Tea offers so many health benefits, but if you’re drinking it at the wrong temperature, you may be doing your body more harm than good. In fact, even brief exposure to certain temps when drinking tea may increase your risk of esophageal cancer. Read on to find the perfect temperature for drinking tea and “tea time” tips for brewing the perfect cup.
The danger of drinking your tea too hot
Hot beverages such as tea, coffee, and hot chocolate are often served at temperatures between 160- and 185-degrees F. But even short-term exposure to liquids this hot may cause significant scald burns. So much so, that the World Health Organization (WHO) decided to conduct research to determine what repercussions may occur when drinking liquids to these degrees. IARC, the cancer agency of WHO classified drinking beverages at 149 degrees F as a probable carcinogen — meaning something that may cause cancer.
When it comes specifically to tea, recently, the International Journal of Cancer monitored the tea-drinking habits of more than 50,000 people in Golestan, Iran, for 10 years. Among the tea drinkers, 317 new cases of esophageal cancer developed. According to the study, those who drank more than 24 ounces (or three cups) of tea a day at temperatures of 140 degrees F had a 90 percent higher chance of developing esophageal cancer.
The optimal tea temperature
Research conducted by the University of Texas; Department of Mechanical Engineering, set out to find the optimal hot beverage temperatures. To identify the best serving temperature, researchers had to find the perfect temp that falls somewhere between scalding and the ability to actually taste the nuances of the beverage. They found that the average person preferred the drinking temperature of coffee at about 140 degrees F. Additionally, the British tea-drinking experts — the Royal Society of Chemistry — suggest the optimal temperature for drinking tea is also 140 degrees F.
Bottom line: If you enjoy one to two cups of brewed tea per day, research suggests the perfect temperature lies between 140- and 149-degrees F. Higher temperatures, say the Royal Society, requires the drinker to engage in the distasteful habit of “slurping.”
However, if you’re drinking more than three cups per day, according to the cancer research above, 140 degrees may be dangerous for your health. So, cool your tea slightly below 140 degrees F — just enough to keep it palatable — by leaving a teaspoon in your tea for a few seconds. This will effectively cool your tea.
Tips for making the perfect cup of tea
Americans love their tea. So much so that they’re consuming over 3.8 billion gallons of tea a year! In fact, after water, tea is the second-most consumed beverage in the world. It makes sense, since tea can be served hot and cold and is available everywhere these days. But for some, brewing the perfect cup of tea can be anything but perfect. In fact, it’s as much of a science as it is an art. Here are some tips from a “tea master” that will help you bring out the best flavor possible.
Teabags vs. loose-leaf
Sure, tea bags are convenient, but for a great cup of tea, loose leaf is the way to go. In actual fact, instant tea is on a downward trend, and loose tea is quickly gaining in popularity, particularly in specialty tea and coffee shops. And there’s a good reason for that. A long time ago, tea bags were made from silk and muslin. Today, however, tea bags are made from paper via wood and vegetable pulp. The pulp is usually chlorine-bleached, which means low levels of toxins can end up in the teabag paper — and of course, leaching into your tea.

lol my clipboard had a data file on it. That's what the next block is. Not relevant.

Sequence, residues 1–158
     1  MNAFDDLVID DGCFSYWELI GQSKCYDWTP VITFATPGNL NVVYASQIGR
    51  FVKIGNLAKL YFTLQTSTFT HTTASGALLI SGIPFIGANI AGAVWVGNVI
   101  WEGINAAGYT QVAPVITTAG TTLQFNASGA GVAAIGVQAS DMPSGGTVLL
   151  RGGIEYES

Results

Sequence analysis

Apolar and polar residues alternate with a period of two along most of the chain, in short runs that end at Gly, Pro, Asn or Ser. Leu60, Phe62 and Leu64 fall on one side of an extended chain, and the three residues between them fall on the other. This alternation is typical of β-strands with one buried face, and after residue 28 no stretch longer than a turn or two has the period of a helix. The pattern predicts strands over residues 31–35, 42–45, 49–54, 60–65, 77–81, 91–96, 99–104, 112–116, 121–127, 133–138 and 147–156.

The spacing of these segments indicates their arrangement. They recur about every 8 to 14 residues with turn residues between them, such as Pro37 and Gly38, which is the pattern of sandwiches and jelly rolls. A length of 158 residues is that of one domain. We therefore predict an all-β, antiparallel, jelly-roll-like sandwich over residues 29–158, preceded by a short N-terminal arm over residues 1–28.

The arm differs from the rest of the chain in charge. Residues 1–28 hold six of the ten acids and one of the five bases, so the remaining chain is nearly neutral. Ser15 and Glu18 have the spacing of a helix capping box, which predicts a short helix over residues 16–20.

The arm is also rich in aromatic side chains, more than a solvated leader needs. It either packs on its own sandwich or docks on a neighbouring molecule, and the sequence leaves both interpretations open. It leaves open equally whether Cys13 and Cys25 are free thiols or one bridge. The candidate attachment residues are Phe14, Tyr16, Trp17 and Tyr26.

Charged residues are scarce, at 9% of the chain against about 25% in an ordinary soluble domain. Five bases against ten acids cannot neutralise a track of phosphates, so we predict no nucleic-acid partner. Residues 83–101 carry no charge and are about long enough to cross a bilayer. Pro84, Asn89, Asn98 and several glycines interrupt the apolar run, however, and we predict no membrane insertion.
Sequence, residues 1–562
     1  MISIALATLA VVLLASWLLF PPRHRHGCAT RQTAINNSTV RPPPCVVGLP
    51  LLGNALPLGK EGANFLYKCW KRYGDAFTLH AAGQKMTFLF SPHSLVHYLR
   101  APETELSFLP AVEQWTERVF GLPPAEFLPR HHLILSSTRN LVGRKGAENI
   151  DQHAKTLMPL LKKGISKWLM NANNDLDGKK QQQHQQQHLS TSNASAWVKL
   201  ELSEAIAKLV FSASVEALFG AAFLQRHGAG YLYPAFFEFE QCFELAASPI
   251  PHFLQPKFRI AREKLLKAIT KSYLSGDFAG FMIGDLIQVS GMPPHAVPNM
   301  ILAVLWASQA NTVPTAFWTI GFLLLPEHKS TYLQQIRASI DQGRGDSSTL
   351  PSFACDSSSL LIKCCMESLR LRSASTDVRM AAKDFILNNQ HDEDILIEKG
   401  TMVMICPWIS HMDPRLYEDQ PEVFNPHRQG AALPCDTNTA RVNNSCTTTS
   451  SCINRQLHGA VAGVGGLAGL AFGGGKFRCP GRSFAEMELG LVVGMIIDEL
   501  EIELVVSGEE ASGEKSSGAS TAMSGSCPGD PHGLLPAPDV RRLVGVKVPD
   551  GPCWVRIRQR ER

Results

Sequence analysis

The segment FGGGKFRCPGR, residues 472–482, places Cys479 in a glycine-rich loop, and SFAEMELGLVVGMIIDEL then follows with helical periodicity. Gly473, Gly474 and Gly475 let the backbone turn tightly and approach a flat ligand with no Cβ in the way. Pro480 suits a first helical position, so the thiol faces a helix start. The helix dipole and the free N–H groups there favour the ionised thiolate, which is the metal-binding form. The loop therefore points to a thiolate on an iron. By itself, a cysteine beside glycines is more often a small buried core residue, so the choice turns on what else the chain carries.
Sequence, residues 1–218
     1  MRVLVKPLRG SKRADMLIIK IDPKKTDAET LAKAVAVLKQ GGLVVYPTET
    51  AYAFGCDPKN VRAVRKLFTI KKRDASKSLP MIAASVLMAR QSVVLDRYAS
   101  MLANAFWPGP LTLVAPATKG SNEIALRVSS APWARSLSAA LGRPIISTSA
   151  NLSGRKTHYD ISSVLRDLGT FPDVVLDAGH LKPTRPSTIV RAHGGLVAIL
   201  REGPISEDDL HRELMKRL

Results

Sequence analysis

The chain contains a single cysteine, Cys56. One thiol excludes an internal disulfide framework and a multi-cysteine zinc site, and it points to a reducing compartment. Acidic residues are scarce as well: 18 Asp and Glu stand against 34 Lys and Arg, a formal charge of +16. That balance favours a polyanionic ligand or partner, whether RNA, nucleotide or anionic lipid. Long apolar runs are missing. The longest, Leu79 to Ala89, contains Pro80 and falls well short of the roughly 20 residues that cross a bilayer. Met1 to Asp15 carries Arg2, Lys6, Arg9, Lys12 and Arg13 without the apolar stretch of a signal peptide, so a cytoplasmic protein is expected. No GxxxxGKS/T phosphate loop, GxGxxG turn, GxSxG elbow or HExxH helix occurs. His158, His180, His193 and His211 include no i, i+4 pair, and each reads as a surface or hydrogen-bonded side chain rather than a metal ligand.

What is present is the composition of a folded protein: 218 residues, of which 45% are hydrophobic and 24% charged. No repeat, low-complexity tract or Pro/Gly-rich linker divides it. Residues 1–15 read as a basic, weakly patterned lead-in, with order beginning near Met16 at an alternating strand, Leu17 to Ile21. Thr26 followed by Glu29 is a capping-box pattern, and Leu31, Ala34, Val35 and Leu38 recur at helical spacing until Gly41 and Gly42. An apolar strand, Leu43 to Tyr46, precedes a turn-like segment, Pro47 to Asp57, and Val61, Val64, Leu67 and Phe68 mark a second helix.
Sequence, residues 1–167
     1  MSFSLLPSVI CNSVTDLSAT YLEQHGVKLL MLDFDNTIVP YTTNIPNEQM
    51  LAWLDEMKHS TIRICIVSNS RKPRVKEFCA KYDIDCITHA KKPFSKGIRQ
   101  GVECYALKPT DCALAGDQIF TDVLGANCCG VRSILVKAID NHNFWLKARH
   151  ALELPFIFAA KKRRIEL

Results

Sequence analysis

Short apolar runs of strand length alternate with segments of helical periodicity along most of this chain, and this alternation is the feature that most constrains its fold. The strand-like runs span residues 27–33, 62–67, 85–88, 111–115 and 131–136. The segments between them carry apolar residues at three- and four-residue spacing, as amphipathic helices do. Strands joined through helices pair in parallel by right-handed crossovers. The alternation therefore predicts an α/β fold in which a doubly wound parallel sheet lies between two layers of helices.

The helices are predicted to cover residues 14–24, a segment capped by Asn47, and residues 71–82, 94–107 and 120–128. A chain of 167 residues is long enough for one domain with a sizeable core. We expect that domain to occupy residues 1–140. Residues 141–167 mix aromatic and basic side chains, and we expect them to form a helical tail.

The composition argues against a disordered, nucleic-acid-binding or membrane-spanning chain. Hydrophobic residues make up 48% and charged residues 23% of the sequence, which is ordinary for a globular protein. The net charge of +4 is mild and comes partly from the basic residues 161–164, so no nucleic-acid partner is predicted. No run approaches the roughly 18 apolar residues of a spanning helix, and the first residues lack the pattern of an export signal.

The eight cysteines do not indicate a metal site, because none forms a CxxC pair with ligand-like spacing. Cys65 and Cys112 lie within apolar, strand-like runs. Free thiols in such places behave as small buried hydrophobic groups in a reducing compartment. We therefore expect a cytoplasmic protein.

- Ditch whatever toxic chemicals you can and buy loose-leaf tea, instead. It’s just as easy to make as bagged tea but requires the addition of a teapot and strainer.
- Better yet, grow your own non-GMO, organic herbs, and brew your own loose-leaf teas without pesticides.
- Keep your loose-leaf tea in an airtight container to prevent spoiling.
Boiling your water
- Ask any tea master, and he or she will tell you, warm the pot with hot water first. This prevents the hot water from cooling too quickly, and allows the tea to brew properly.
- Simply swirl your pot with hot water, and pour it out.
- You can use as much tea as you prefer, depending on your taste, but the traditional measurement calls for one rounded teaspoon per person and one extra rounded teaspoon for the pot.
- When boiling your water, use fresh water. Never re-boil old water as it will give your tea a flat taste. Additionally, always use filtered water, because any impurities in the water will change the flavor of the tea as well.
- Allow your water to come to a full rolling boil. However, don’t over-boil, which will only serve to boil the oxygen out — changing the flavor.
Brewing the perfect cup
- Pour your hot water into the pot directly onto the tea.
- Cover the teapot and even throw on a tea-cozy if you have one. A tea cozy is a soft fabric insulator cover that is placed over a teapot to keep the tea hot while it steeps. If you don’t have a cozy, you can wrap a tea towel around the pot instead.
- Steep your tea for a minimum of five minutes. The color may develop quickly, but to reach full flavor, you’ll need to steep your tea for a full five minutes.
- After steeping, stir the loose-leaf tea in the pot a few times, and then pour it into the cup. Use a strainer to capture the loose tea. Drink it black or add sugar, honey, milk, or lemon as desired.
Remember, scalding tea may cause long-term damage. Cool your tea to about 140 degrees F. If you’re a tea-fanatic and enjoy drinking tea throughout the day. Make sure the temperature is below 140 degrees F. Enjoy!